Andrew Warshaw: Blatter must work hard to leave legacy of reform rather than revolt


An emotional Sepp Blatter’s first task after being re-elected FIFA President by a landslide will be to restore his battered reputation.

Despite his final four-year mandate being a foregone conclusion, Blatter looked genuinely moved as he re-entered the Congress hall clutching a bunch of flowers and hugging members of his family after sweeping to victory with 186 votes.

It was widely anticipated that supporters of Mohamed Bin Hammam, the Asian football chief who was Blatter’s challenger until pulling out of the race on Sunday, would close ranks and abstain, following the lead of England and Scotland.

Instead, it was clear that most, if not all, of Bin Hammam’s inner circle switched allegiance to Blatter since only 17 of the available votes failed to go Blatter’s way.

Don’t expect Blatter to rest on his laurels, however. He will know better than anyone that the eyes of the world will be on him, both in the short and long term, as he completes his final term of office which will end just short of his 80th birthday.

Earlier in the day, in his address to Congress, Blatter announced what everyone had been clamouring for: that World Cups will now be decided by FIFA’s full membership rather than the all-powerful executive committee.

Likewise that all the federations, big and small, would select the members of FIFA’s Ethics Committee, the body that has come in for such criticism in the wake of bin Hammam’s and Jack Warner’s suspension over the most explosive bribery scandal in FIFA history.

Blatter may have run FIFA since 1998 and led it through a period of unprecedented prosperity. But in recent years, the organisation’s name – and Blatter’s too – has been dragged through the mud after a spate of corruption allegations, the suspension of four  senior FIFA officials in the past seven months – including the recent temporary bans of Warner and Bin Hammam – and persistent rumours that Qatar bought the 2022 World Cup, which the Gulf state has strenuously denied.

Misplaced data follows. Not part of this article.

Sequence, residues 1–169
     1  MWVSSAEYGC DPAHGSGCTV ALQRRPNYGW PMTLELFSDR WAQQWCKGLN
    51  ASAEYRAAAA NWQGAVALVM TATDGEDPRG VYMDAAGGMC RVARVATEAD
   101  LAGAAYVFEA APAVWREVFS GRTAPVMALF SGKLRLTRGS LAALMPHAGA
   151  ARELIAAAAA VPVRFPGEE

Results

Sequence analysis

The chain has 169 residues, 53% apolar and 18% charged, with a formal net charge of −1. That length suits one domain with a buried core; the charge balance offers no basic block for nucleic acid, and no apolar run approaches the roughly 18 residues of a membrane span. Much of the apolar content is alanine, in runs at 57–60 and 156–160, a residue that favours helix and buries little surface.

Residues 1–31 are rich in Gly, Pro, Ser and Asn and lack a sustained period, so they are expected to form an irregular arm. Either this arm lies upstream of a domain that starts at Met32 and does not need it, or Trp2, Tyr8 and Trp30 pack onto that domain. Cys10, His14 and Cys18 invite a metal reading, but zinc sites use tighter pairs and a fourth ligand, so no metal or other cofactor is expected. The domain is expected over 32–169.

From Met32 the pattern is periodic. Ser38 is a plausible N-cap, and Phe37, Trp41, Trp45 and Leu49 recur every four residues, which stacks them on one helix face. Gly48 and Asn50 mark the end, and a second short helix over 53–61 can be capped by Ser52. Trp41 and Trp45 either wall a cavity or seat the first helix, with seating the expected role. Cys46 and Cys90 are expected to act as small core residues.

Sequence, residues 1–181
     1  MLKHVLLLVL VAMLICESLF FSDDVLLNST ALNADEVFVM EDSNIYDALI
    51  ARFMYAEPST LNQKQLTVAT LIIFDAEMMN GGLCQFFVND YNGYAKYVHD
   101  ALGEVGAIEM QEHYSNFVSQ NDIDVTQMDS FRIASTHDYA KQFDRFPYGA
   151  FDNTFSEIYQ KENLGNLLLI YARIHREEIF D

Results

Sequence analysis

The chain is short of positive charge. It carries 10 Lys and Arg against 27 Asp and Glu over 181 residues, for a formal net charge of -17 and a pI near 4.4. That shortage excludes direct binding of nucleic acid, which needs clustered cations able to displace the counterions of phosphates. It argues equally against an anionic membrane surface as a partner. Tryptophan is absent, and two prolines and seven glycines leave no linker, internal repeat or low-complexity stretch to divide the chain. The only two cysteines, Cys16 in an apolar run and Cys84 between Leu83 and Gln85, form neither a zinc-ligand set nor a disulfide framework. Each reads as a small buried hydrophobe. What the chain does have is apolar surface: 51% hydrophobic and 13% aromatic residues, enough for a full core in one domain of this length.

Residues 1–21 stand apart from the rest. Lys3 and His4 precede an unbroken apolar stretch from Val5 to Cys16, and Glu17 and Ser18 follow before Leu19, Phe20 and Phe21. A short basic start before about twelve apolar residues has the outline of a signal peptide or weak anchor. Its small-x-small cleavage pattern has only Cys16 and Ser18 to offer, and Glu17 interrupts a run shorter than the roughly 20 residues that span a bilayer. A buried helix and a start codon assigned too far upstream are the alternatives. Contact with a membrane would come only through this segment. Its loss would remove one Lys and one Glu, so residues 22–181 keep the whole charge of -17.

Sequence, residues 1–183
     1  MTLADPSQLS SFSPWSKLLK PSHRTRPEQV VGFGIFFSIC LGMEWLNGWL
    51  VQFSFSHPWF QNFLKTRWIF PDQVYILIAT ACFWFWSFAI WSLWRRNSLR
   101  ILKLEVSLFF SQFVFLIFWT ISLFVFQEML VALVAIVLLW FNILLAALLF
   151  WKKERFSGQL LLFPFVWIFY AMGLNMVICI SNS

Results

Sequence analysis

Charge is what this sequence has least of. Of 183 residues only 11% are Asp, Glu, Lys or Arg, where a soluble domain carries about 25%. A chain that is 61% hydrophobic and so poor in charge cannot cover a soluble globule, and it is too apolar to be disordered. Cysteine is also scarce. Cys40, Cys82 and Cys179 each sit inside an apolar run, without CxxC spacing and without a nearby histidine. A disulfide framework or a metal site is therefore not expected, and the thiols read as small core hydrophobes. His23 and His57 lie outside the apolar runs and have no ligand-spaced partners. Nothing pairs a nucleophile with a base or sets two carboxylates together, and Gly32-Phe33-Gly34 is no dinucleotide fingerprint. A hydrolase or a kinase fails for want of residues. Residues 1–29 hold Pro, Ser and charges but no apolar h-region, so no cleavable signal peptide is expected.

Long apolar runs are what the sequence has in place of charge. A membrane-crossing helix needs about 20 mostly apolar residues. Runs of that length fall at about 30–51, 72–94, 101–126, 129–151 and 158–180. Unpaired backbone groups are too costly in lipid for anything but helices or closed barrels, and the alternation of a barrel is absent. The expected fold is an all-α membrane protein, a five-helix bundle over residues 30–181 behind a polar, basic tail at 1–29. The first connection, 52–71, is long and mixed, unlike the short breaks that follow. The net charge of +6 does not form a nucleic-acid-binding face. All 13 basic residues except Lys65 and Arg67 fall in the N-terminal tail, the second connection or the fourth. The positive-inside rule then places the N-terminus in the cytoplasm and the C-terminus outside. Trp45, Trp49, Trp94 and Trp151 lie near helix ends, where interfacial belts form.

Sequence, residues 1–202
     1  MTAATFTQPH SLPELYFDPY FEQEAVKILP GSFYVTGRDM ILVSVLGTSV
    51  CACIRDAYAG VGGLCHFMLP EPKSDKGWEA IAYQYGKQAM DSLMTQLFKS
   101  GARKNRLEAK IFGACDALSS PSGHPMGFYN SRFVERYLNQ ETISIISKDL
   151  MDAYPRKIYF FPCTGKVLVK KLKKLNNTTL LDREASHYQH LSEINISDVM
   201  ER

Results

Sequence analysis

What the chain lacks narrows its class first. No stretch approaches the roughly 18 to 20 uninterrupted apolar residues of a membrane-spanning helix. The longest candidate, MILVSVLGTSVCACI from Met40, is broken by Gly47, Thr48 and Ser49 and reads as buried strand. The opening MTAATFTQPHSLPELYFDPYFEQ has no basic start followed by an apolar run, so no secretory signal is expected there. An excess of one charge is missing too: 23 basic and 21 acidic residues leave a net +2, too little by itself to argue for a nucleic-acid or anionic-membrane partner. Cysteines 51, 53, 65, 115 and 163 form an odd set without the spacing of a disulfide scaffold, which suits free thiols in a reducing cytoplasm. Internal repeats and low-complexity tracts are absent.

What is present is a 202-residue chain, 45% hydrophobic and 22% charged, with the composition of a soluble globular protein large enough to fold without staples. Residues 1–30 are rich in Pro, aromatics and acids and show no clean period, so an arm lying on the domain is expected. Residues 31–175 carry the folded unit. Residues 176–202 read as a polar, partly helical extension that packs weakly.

“I thank you from the bottom of my heart,” told Blatter as he ended one of the most tension-filled Congresses of recent years, even without Bin Hammam’s appearance. “We will put the ship back on the right course. We will need some time, but we shall do it.”

Easier said than done. The one thing Blatter can’t do is hire and fire his own Executive Committee, the very people who have caused such turmoil in recent months, highlighted by the ongoing bribery scandal in which inducements were allegedly offered to Caribbean members of FIFA.

ExCo members are elected by their individual Congresses and the sniping and backbiting, spiteful email exchanges and finger-pointing cliques that have pervaded Zurich over the last three days are indicative of just how deep some of the divisions lie.

With official after official describing June 1, 2011, as a watershed in FIFA’s troubled history, pulling together the various warring factions will be no easy task. In one sense Blatter has nothing to lose but in another he has everything to lose.

After being pummelled from pillar to post, metaphorically speaking, he has no choice but to try and leaving a legacy of reform rather than revolt. “I am a happy man after these very hard weeks,” he said as he closed the Congress.

“I am here to take all the criticism but we are here to go forward in transparency. We must put this ship back on course and for this we need a leader. I am willing to do this.”

The question is, how far will he go to clean up a body that has plummeted to an all-time low? The next few months should provide some kind of answer.

Andrew Warshaw is a former sports editor of The European, the newspaper that broke the Bosman story in the 1990s, the most significant issue to shape professional football as we know it today. Before that, he worked for the Associated Press for 13 years in Geneva and London. He is now the chief football reporter for insideworldfootball